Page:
After Juventus lost control of the game and allowed a complete turnover, Allegri opted for a more attacking approach by switching to a 3-4-3, replacing Miretti with Ángel Di María and Cuadrado with Mattia De Sciglio, in an effort to increase the chances up front and have more stability defensively as both Miretti and Cuadraro struggled in direct challenges.
Roger Schmidt relied on the same starting eleven as in their win over Maccabi Haifa. The 4-2-3-1 formation saw Odysseas Vlachodimos between the bars with a defensive line of Alexander Bah, António Silva, Nicolás Otamendi and Alejandro Grimaldo.
Florentino Luís and Enzo Fernández covered the central midfield, while Rafa Silva was flanked by David Neres and João Mário, who all supported Gonçalo Ramos at the top of the attack.
The team were well prepared and steadily started to apply more pressure until they gained full control. They aimed to dominate both in and out of possession, trying to pin Juventus back, knowing that the team often struggle in bypassing press and also often make individual errors under pressure.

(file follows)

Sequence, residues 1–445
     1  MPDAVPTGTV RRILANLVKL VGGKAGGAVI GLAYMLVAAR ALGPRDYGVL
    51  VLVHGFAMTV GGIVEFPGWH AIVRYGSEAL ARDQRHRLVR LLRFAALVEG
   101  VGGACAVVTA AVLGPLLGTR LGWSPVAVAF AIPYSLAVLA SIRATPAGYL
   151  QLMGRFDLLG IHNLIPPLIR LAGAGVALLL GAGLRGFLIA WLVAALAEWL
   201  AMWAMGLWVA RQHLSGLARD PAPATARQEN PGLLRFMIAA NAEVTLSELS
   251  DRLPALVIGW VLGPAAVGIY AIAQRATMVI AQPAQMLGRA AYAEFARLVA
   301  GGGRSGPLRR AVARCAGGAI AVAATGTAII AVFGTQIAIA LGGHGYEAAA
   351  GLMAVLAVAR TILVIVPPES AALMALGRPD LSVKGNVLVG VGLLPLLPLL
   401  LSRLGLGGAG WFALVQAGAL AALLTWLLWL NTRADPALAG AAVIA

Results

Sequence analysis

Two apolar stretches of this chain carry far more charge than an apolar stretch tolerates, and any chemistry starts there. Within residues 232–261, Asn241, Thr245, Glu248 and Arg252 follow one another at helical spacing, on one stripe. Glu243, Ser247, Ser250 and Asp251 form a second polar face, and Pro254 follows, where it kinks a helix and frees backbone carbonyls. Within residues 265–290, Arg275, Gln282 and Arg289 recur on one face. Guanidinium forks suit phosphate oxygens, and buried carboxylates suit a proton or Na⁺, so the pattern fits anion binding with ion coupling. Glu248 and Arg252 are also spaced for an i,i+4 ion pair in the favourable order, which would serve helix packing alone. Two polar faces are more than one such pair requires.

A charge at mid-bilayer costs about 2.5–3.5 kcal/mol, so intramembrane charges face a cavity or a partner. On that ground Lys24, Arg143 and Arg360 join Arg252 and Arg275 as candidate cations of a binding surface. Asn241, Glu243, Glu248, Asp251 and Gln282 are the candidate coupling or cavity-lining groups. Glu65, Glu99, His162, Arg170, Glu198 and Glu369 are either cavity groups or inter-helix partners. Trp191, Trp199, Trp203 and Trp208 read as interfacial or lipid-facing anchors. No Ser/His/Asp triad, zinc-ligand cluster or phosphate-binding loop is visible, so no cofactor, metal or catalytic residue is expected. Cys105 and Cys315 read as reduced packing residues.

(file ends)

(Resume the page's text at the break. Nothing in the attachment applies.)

The manager didn’t opt for any changes until the late stages of the game when he tried to keep the 2-1 advantage and give his regular starters a rest.
Juventus’ initial push
The Bianconeri started the game well, initiating some creative attacking movement and trying to supply Vlahović and Milik with quality balls. They tried to expose the opposition through frequent crossing with Kostić having the main responsibility to create chances for his teammates and supply the ball to the box. However, the inaccuracy of the crossing attempts allowed Benfica to counteract, and the central defenders managed to deflect many of the passes.
The team mostly relied on attempts from the left, where they tried to disposition their opponents through smart combinations, but they lacked precision in the final stages which often left the attackers centimetres away from scoring. Kostić, who played in the wing-back position had quite a few responsibilities, starting from ball progression, through being the main creative force upfront but also defending the flank against Benfica’s fullback’s constant invasions.